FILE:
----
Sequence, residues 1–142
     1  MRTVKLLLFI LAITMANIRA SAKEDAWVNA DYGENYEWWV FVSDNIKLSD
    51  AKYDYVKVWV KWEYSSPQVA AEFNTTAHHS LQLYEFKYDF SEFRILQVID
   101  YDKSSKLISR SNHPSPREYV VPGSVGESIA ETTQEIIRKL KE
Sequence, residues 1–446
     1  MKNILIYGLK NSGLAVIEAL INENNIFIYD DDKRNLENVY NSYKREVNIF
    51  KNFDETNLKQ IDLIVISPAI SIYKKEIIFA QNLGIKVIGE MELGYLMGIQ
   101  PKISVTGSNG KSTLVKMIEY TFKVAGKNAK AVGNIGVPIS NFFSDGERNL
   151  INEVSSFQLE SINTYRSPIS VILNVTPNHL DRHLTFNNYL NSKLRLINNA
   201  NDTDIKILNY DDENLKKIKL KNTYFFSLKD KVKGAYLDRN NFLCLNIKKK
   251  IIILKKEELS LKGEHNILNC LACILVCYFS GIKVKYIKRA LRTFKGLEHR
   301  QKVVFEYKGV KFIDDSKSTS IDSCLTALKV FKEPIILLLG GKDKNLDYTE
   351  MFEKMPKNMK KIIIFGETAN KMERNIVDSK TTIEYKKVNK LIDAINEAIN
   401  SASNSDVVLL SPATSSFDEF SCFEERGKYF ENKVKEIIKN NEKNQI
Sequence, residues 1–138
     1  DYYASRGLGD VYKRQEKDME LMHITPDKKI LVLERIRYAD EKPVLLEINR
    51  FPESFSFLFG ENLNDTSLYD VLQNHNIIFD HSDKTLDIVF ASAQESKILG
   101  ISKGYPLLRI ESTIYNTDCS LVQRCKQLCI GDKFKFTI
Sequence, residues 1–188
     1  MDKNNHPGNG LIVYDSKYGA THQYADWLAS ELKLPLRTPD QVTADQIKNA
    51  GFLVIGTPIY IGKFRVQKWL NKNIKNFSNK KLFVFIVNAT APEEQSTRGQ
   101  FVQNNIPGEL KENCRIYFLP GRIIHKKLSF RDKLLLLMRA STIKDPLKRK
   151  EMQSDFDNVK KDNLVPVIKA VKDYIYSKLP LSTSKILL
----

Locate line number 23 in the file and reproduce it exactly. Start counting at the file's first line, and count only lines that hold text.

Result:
   151  EMQSDFDNVK KDNLVPVIKA VKDYIYSKLP LSTSKILL